‘Personal cloud’ access to be included in 90% of devices by 2013

Dropbox, Apple iCloud, Mezeo…There are a fair number of personal cloud products out there and they’ve changed the way we view storage. Taking your documents with you once meant carrying physical storage devices everywhere you went. Now all you need is an internet connection.

Thing is, we all know this. What we might not know is that the cloud could also completely change the way we access content across our devices. Think about it. If your smartphone is grabbing everything you need from the cloud it could break completely free from its own physical storage limitations. You could also stop playing a game on it, only to pick it up your tablet a few hours later and play from the same place. Sounds great right.

A future in which such a scenario becomes the norm may not be all that far away.

Leading research company Gartner reckons that 90% of all connected consumer devices will include cloud services for accessing content by the end of 2013.

Gartner managing vice president Andrew Johnson reckons the emergence of the personal cloud reflects people’s desire to seamlessly store, synch, stream, and share their content regardless of device or platform.

Say for instance you’re watching a movie on your tablet and want to pick up where you left off but on your TV. A number of cloud services such as Netflix, allow you to do precisely that.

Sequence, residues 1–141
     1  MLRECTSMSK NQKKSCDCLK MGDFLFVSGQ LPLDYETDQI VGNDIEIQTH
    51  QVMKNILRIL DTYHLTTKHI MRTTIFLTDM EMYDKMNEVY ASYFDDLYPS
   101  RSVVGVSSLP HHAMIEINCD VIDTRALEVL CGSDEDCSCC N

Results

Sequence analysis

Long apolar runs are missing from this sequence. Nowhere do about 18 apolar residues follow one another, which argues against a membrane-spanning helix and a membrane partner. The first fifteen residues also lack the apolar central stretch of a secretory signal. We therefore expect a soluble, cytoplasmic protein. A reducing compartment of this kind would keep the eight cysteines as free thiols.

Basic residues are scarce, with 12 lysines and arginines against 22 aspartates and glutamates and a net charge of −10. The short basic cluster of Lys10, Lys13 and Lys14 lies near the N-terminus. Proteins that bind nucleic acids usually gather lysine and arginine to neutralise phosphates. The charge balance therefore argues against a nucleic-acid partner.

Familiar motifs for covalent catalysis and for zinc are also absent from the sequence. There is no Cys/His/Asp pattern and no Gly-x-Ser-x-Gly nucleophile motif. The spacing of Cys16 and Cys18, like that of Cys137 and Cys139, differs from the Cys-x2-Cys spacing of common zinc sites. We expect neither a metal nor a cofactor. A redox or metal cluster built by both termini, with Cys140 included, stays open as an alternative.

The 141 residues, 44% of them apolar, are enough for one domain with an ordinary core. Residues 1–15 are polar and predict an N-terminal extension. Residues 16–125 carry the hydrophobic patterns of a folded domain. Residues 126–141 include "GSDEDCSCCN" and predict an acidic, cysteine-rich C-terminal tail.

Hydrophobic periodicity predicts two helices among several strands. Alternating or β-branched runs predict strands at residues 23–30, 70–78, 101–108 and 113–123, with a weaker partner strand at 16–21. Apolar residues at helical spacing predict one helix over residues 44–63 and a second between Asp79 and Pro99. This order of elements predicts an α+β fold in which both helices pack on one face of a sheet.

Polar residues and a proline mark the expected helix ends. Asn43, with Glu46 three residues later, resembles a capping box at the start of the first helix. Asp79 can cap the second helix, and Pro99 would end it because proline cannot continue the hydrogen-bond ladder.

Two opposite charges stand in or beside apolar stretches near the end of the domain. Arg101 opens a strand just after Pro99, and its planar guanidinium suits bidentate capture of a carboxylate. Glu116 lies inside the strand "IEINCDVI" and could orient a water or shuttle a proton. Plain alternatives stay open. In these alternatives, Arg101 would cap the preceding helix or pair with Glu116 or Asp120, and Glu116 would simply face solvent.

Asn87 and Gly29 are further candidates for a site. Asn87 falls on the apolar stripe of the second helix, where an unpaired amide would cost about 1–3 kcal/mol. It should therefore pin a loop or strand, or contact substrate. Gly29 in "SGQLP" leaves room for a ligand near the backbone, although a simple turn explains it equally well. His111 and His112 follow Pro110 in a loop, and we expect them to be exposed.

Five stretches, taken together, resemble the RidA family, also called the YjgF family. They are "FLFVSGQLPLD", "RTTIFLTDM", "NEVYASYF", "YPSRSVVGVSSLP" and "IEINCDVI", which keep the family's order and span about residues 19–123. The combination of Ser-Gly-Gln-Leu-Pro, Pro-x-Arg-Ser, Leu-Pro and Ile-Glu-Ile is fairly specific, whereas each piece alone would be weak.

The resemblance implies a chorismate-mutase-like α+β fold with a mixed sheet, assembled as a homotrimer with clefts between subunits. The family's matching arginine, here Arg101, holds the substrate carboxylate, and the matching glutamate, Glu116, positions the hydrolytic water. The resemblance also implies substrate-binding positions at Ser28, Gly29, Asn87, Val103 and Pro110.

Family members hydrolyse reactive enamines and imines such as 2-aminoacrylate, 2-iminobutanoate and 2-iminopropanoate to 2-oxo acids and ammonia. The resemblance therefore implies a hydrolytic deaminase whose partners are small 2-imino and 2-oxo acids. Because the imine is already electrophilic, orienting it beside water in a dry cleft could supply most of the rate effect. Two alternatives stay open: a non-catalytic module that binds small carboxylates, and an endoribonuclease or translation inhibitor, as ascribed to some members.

Others such as Google Apps, Amazon Cloud Player, Microsoft SkyDrive, and Apple’s iCloud operate on the same principle but for different purposes.

Johnson reckons that the cloud could be crucial to the survival of brands in the future and that they “must stretch across multiple devices, platforms and services” if they are to keep customers loyal.

The biggest change in the last couple of years, says Johnson, has been “the growing adoption of mobile and portable devices”. The limited storage capacity of these devices means they rely heavily on the cloud.

“What distinguishes the personal cloud from what came before is its ability to store, synchronise, stream and share as needed,” he adds. “Importantly, this allows consumers greater flexibility in choosing devices and platforms.”

This doesn’t mean traditional storage will disappear entirely. Instead, it will be augmented by the consumer personal cloud. So while personal cloud storage will become widespread in the next few years, Gartner reckons that in 2014 less than 10% of people will use cloud services as their main storage.



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